Acetic Acid • Activities of Daily Living • Adaptation, Physiological • Adaptation, Psychological • Administrative Personnel • Adolescent • Adult • Advertising as Topic • Affect • African Continental Ancestry Group • Alcohol Drinking • Analgesics, Opioid • Analysis of Variance • Anger • Animals • Apostasy • Architecture as Topic • Attention • Attitude • Attitudes • Awareness • Beauty • Beer • Behavior • Behaviorism (Psychology) • Biopsy • Brain • Brain Mapping • Choice Behavior • Commerce • Computer Simulation • Concept Formation • Consumer behavior • Consumer Participation • Consumer Satisfaction • Consumers • Cooperation • Cost-Benefit Analysis • Courtship • Creativity • Credit cards • Cultural Characteristics • Culture • Dating • Deception • Decision Making • Defense Mechanisms • Depression • Diagnostic and Statistical Manual of Mental Disorders • Diagnostic Imaging • Dietary Carbohydrates • Dietary Fats • Dietary Proteins • Disclosure • Discrimination (Psychology) • Distance Perception • Drug Costs • Early Detection of Cancer • Economics, Behavioral • Educational Measurement • Electroshock • Emotions • Employment • Energy Intake • Ethics • European Continental Ancestry Group • Experimental economics • Experiments • Expressed Emotion • Expression • Face • Fairness • Family • Fast Foods • Feedback, Psychological • Feeding Behavior • Female • Follow-Up Studies • Food • Food Preferences • Fraud • Friends • Goals • Guilt • Health • Health Behavior • Health Policy • Health Promotion • Health Services Research • Heterosexuality • Honesty • Humans • Imitative Behavior • Income • Infant • Injury Severity Score • Intelligence Tests • Internal-External Control • Interpersonal Relations • Intrinsic motivation • Intuition • Judgment • Justice • Labor • Labor supply • Learning • Love • Magnetic Resonance Imaging • Male • Marketing • Marriage • Masochism • Medical education • Medical Errors • Men • Mental Processes • Middle Aged • Models, Psychological • Monitoring • Mood • Morals • Motivation • Negotiation • Neuropsychological Tests • Orientation • Pain • Pain Measurement • Patients • Pattern Recognition, Visual • Perception • Personality • Personality Inventory • Physician's Practice Patterns • Physicians • Pilot Projects • Placebo Effect • Placebos • Play and Playthings • Pleasure • Policy • Politics • Prejudice • Pricing • Probability Learning • Problem Solving • Psychological Tests • Psychological Theory • Psychology • Psychomotor Performance • Public Policy • Punishment • Quality Improvement • Quality of Health Care • Questionnaires • Race Relations • Reaction Time • Reasoning • Refractive Errors • Regression Analysis • Religion • Reward • Risk-Taking • Self • Self Concept • Self Efficacy • Self Report • Self-control • Set (Psychology) • Sex • Sex Characteristics • Sex Factors • Sexual Behavior • Social Behavior • Social Desirability • Social Identification • Social Networking • Social Values • Socioeconomic Factors • Socioeconomic status • Stress Disorders, Post-Traumatic • Stress, Psychological • Students • Suggestion • Task Performance and Analysis • Thinking • Time • Time Factors • Tumor Markers, Biological • Uncertainty • United States • Value • Veterans • Video Recording • Vision, Ocular • Visual Perception • Wealth • Well-being • Women • Wounds and Injuries • Young Adult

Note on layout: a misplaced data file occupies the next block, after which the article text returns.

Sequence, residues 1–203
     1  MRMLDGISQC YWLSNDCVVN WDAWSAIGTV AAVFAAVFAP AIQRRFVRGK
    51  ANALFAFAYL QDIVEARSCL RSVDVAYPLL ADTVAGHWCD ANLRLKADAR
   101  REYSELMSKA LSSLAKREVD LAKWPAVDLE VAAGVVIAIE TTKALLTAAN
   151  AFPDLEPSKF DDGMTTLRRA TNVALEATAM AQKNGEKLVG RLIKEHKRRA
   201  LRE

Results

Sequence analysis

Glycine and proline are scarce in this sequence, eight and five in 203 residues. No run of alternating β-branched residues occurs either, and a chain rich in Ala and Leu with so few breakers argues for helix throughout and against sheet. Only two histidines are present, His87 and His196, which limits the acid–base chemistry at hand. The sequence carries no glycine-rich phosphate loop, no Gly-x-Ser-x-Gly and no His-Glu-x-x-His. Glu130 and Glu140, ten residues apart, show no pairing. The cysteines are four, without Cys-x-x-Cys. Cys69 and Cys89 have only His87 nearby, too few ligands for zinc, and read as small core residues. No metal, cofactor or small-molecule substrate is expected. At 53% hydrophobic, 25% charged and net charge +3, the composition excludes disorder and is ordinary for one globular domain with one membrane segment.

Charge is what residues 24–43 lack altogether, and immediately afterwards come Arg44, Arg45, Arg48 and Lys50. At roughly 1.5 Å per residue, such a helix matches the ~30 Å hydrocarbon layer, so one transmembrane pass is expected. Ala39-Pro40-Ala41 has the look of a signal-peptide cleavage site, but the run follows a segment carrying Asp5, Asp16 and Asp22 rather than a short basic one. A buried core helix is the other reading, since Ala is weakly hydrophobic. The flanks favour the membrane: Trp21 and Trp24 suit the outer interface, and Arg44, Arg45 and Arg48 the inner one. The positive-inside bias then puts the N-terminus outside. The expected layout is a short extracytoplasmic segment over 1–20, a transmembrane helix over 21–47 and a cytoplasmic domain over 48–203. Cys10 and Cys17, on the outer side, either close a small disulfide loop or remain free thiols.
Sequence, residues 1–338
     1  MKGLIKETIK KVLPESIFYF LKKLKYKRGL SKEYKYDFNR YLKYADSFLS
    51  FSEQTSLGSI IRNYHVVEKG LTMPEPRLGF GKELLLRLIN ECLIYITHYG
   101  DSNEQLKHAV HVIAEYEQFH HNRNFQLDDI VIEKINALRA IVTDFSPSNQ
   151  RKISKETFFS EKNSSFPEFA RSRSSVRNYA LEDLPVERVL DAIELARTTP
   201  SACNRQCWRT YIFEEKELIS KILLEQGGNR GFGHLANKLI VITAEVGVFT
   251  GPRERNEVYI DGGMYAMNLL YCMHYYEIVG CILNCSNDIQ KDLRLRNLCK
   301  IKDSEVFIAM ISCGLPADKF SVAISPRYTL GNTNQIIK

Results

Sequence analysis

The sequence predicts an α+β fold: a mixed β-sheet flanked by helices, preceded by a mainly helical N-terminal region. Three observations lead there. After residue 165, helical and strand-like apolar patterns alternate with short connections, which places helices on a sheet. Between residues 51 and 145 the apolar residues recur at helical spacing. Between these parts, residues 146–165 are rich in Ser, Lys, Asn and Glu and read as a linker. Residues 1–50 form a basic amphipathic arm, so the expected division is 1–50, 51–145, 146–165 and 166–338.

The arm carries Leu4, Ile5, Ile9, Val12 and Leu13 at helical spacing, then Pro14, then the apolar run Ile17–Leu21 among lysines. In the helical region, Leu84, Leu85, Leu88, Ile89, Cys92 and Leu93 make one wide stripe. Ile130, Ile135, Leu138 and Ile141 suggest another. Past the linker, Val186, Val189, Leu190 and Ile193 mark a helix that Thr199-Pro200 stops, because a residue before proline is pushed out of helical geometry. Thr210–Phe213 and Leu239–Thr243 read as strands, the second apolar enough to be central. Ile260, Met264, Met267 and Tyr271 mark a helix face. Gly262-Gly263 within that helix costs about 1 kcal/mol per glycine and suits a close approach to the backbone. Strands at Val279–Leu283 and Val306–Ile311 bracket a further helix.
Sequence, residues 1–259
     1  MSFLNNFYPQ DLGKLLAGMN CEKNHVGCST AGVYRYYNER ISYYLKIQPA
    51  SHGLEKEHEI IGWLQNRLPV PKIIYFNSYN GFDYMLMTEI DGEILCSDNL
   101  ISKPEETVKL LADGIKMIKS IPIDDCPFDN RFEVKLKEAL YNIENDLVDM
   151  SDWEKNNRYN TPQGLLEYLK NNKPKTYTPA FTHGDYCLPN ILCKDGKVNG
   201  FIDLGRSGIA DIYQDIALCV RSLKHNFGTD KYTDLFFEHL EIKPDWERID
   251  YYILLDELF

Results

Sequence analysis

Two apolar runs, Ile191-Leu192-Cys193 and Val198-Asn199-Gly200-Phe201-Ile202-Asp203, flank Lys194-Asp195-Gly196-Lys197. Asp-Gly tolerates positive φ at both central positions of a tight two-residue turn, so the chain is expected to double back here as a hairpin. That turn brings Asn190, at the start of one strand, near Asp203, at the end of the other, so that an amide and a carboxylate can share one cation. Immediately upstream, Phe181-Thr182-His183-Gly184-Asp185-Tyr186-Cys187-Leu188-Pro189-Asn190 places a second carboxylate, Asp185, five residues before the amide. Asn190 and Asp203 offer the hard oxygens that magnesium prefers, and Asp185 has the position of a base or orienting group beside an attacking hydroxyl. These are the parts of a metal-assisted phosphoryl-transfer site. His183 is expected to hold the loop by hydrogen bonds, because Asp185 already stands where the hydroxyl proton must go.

Recent Publications   (More Publications)